Of course, you also pay more for the experience. Available in the US on two-year contracts from AT&T, Sprint and Verizon, the 16GB version will set you back $299, with 64GB at $399 and the top-end 128GB costing $499. Contract-free on T-Mobile, it costs $749, $849 or $949 respectively. You can find a more detailed rundown of US carrier plans here.


In the grand scheme of phone dimensions, the 6 Plus is on the large side, measuring 6.22 inches high by 3.06 inches wide (158.1mm by 77.8mm), nearly a half-inch (12mm) taller than the Samsung Galaxy Note 3, though slightly narrower. At 6.07 ounces (172 grams) it does come in just a touch lighter, and it's noticeably thinner -- just 7.1mm in thickness, compared with the Note 3's 9.6mm.

Regardless of dimensions, there's no denying that the iPhone 6 Plus feels better in the hand than the Note 3. Like previous iPhones, it's made of matte aluminum, but where harsh lines and chamfered edges give the iPhone 5 a stark, industrial feel, the new phones are more organic. They nestle comfortably in your hand rather than cutting into it.

That said, this new rounded shape -- complete with glass that blends into the rounded edges -- does provide a less distinctive appearance. That curved glass will be familiar to owners of Nokia Lumia devices, and the inset lines of plastic on the back are reminiscent of the HTC One. The iPhone 6 Plus looks and feels great, but it must be said that it doesn't offer the unique stylings of its predecessor.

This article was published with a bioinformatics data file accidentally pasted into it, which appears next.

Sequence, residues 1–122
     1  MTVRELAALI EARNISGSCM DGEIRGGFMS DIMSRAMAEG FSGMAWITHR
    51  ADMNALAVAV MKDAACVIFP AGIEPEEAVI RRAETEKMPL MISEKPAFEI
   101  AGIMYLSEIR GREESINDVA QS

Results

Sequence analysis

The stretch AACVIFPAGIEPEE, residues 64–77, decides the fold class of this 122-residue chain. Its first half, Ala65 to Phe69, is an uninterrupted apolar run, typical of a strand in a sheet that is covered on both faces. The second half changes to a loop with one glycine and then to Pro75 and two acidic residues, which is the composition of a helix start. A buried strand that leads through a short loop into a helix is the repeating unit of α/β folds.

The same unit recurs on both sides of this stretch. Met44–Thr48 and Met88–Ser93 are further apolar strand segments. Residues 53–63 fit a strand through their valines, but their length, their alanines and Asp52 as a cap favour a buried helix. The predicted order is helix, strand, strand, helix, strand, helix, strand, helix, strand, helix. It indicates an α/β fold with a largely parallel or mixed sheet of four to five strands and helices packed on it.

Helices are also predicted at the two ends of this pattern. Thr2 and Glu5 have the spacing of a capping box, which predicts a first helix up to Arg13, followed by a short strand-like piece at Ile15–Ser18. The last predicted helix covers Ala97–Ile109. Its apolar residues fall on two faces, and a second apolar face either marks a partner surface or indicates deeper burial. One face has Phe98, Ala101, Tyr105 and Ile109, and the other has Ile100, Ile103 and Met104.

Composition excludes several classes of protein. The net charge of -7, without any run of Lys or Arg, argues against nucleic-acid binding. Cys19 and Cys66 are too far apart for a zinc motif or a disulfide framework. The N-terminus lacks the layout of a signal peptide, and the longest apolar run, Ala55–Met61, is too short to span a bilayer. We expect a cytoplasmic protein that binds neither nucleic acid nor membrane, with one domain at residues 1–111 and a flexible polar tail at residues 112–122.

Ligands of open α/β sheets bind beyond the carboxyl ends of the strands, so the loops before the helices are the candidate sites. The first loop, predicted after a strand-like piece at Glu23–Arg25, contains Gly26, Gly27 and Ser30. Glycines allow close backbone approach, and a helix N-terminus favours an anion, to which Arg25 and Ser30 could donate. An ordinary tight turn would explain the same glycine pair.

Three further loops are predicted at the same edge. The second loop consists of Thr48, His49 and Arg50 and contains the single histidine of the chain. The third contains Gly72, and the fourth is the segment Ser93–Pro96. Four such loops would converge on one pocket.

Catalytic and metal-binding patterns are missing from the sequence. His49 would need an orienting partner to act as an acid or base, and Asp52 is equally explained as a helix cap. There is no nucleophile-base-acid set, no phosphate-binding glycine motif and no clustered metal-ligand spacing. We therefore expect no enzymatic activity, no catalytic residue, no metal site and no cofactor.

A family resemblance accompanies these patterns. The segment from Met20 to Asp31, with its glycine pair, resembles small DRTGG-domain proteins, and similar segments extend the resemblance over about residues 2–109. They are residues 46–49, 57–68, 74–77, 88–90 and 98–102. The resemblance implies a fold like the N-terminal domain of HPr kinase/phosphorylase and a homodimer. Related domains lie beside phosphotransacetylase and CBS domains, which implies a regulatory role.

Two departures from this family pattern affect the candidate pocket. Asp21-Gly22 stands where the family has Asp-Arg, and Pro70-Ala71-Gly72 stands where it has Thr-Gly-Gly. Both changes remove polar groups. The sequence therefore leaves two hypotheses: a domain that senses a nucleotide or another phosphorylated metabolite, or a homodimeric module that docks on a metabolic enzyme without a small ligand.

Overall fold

Even the button placement matches the competition's, with the power/lock button moving to the right side. That's a good thing, given how far a reach it would be up to the top. Volume buttons still live on the left -- now wide and flat rather than round -- directly beneath the ring/silent toggle switch. The 3.5mm headphone jack sits at the bottom, as it did with the 5S, next to eight holes that allow sound from the (surprisingly powerful) internal speaker to escape.